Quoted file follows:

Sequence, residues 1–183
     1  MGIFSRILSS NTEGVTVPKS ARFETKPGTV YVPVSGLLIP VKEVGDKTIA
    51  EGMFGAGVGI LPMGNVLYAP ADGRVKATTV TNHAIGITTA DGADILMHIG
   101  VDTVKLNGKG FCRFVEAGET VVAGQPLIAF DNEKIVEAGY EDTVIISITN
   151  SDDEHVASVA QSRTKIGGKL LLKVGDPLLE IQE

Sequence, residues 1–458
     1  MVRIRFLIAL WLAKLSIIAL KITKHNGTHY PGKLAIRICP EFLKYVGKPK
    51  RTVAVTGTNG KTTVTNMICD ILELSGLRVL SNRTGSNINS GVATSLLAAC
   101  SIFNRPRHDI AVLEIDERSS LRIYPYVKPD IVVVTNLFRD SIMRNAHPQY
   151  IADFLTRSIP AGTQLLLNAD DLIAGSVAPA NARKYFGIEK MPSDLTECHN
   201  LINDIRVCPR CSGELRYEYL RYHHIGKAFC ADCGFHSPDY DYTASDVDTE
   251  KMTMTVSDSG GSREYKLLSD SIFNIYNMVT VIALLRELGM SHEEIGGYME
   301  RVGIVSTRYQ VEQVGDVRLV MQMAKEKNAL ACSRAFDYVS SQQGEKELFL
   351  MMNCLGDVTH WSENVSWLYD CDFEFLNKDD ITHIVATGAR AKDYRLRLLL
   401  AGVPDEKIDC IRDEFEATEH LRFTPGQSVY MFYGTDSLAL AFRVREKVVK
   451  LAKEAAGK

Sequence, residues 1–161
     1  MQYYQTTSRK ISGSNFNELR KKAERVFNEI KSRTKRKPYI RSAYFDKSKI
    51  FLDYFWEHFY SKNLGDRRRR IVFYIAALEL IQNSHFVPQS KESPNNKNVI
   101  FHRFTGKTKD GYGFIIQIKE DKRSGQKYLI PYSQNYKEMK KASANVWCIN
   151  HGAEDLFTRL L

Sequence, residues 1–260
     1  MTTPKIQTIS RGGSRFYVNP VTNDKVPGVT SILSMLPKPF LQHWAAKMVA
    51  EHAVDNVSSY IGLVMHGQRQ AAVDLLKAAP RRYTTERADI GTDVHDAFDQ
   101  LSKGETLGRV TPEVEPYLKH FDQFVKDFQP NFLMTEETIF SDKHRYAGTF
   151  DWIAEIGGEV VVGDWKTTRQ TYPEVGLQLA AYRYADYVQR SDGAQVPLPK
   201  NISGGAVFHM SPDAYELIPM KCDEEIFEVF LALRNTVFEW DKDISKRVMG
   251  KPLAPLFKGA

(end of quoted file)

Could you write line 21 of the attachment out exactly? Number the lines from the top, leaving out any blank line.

   151  HGAEDLFTRL L